Posted: December 15, 2013

Nervous about going out because your bladder sometimes? Constantly worried about getting to a bathroom on time? With these new stresses, you may feel you’ll never get back to the normal you. About one in five adults over age 40 has problems with urinary urgency and frequency, according to the National Association for Continence. But an overactive bladder (OAB), also called urge incontinence, doesn't have to mean the end of your active lifestyle. By making a few changes like the ones outlined below, you can live well with a leaky bladder.

Mind Your Liquid Intake
Too much liquid, of course, will send you running to the bathroom too often, no matter what the condition of your nerves and muscles. Drinking too little, on the other hand, sets you up for constipation. This can lead to urinary tract infections UTIs irritate the bladder, triggering the need to go. Not drinking enough also creates concentrated urine, which then smells even worse if there's an accident.

Try Kegel Exercises
Most women know pelvic-floor exercises by the name "Kegel," after Arnold Kegel, the physician who popularized them. Kegels build the muscles used to control urine flow. Their effect is cumulative, so the more you do them, the better you can resist an ill-timed urge to urinate. Designate a time and place each to do these exercises. 5-10 minutes each day is all it takes. You can do them while working at your computer or sitting in your car.

Quit Smoking
Don’t have enough reasons to quite? Add this to the long list! The chronic cough smoking causes isn't doing your bladder any favors. Nicotine irritates the bladder lining. Even worse, smoking produces chronic coughing, which triggers leakage.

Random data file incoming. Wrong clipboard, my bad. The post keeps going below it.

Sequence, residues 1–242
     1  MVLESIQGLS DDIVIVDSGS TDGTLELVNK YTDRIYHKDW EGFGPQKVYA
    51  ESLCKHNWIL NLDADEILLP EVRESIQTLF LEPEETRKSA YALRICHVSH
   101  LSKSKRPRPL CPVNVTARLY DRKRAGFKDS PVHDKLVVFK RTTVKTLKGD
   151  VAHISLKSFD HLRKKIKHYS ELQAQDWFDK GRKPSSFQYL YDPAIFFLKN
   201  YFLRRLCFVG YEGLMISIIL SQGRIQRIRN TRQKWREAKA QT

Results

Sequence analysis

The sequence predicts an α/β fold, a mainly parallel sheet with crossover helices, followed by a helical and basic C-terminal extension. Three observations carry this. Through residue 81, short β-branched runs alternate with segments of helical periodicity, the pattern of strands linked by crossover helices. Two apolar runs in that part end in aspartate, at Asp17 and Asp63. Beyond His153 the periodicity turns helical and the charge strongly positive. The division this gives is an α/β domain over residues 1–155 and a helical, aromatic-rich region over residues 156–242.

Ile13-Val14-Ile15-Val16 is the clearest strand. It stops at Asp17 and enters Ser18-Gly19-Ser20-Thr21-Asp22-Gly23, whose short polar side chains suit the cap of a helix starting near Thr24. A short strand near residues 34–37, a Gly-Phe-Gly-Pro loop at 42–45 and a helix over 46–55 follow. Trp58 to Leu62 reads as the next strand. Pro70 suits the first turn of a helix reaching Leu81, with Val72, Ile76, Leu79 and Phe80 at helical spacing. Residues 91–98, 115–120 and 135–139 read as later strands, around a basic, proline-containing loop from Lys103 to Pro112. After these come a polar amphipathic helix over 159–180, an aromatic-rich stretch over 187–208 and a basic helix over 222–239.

Wear Padding For Extra Security
Reducing the odds of leaking provides the best freedom. But beyond that, it's easier to live your usual life wearing added protection than to hide at home. There is a wide range of discreet, absorbent personal products out there. Some women swear by a tampon worn during heavy exercise. (Many female athletes with stress incontinence know this trick.) Be sure to change them out often. Disposable underwear is another solution. Forget the "adult diapers" imagery of the past; you’ll be happy to know tht current products, styled for either men or women, look more like classic undergarments. Don’t forget to carry a change of clothing in your car, as well as a dark plastic bag to transport soiled clothes until you can wash them.

Talk To Your Doctor
17%. That’s the number of baby-boomer women who say they're likely to immediately contact their doctor when they experience an embarrassing health condition or symptom, such as incontinence, according to a 2011 Harris Poll. And more than half (55 percent) wouldn't contact their doctor at all, even if the symptoms got worse! We can’t stress enough the importance of talking to your doctor as soon as you suspect a problem – you may save years of frustrating social situations by one conversation.